Danica Patrick comes to town
When I went to interview Danica Patrick this week, I didn't know who I'd be talking to.
When I went to interview Danica Patrick this week, I didn’t know who I’d be talking to.
It’s the way of the world with professional athletes these days. They are so well media-trained that you don’t know whether you’re going to get an honest answer to a question or the company line.
Jimmie Johnson, the three-time NASCAR champion, came to Toronto a few years ago and was impressive. In his answers about auto racing, he made references to the Toronto Blue Jays, the premier of Ontario and the TTC.
I asked him where all that had come from.
“They brief me on local issues when I go somewhere,” he said – “they” being his public-relations people.
So when I went to the Canadian International AutoShow on Wednesday, where Danica Patrick was appearing on behalf of Honda Canada to promote July’s Honda Indy Toronto (good tickets available at hondaindytoronto.com), I was curious as to which Danica I would get: down-to-earth friendly or rigid-stick-to-the-script.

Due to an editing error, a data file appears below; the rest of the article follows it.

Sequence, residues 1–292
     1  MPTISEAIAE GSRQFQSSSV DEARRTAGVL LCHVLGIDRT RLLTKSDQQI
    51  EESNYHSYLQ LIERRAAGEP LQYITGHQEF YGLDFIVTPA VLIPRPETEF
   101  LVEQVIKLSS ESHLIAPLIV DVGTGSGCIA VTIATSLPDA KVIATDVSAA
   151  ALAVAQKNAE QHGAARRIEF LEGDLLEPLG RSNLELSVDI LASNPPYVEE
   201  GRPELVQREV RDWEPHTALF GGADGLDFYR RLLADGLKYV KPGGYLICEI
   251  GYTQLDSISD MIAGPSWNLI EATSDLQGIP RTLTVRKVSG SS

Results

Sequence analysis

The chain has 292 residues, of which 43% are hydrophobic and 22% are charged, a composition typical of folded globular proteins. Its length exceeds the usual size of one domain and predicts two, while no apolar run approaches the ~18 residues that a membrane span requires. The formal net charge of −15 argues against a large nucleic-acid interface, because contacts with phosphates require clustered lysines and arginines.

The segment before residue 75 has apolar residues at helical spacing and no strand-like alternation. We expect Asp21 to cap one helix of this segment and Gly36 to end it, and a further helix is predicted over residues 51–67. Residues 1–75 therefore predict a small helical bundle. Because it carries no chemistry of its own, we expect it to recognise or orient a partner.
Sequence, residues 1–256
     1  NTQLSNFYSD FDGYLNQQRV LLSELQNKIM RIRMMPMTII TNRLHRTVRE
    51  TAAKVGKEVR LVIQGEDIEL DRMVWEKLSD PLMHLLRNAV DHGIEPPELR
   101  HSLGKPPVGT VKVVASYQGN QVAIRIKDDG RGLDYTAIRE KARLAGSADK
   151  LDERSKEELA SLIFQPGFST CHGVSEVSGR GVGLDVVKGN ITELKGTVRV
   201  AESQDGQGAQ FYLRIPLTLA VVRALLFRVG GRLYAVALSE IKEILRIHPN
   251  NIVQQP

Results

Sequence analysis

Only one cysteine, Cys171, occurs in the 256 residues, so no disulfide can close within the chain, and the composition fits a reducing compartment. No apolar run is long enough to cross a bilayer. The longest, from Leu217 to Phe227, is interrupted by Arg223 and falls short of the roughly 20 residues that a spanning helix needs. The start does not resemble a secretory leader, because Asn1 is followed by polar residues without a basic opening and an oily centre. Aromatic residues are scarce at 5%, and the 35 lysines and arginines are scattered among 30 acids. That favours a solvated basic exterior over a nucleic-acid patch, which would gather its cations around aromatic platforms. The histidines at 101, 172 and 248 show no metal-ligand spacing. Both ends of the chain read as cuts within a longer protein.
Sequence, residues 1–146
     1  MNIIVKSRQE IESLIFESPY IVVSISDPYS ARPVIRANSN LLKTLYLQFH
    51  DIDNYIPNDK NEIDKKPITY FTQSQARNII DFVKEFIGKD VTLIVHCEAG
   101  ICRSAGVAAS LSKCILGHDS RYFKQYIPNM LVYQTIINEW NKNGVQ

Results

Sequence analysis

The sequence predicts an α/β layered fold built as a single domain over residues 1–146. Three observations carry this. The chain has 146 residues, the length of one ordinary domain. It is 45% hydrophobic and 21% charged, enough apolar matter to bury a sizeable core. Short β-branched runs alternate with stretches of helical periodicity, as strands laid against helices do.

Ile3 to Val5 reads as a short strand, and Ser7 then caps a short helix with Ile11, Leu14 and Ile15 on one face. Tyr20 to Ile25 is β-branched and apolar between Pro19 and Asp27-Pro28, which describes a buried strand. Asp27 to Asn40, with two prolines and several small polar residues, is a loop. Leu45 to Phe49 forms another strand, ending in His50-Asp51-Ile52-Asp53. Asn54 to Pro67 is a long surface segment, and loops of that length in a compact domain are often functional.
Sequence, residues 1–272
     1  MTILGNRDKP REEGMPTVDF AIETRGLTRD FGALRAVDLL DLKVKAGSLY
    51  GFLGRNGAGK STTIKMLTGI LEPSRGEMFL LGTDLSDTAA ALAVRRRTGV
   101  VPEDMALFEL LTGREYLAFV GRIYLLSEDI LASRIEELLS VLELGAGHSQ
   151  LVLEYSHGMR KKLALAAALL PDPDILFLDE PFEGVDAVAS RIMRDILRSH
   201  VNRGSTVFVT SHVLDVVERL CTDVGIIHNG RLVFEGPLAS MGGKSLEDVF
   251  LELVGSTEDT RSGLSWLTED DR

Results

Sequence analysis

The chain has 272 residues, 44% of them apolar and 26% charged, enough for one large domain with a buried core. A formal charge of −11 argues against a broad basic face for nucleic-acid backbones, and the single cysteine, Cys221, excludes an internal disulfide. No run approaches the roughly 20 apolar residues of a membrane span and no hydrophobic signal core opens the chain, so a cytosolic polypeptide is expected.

We interrupt this narrative to bring you the following information, just in case you’re one of the two people reading this today who don’t know who 26-year-old Danica Patrick is:
After starting in karts when she was 10 and working her way through the junior formulae, she shot to auto racing prominence in 2005 when she won three poles in the Indy car series and came close to winning the pole for the Indianapolis 500. She started fourth in the 33-car field that year and eventually finished fourth after becoming the first woman to lead laps in the world’s most famous race.
Last year, she became the first woman to win an Indy car race when she beat Helio Castroneves to the checkered flag in the Indy Japan 300 at Twin Ring Motegi speedway. That, plus numerous endorsements of women’s products and two appearances wearing a bikini in the famous Sports Illustrated swimsuit issue have made her as much a personality as a racing driver.
As it turns out, both Danicas showed up this week.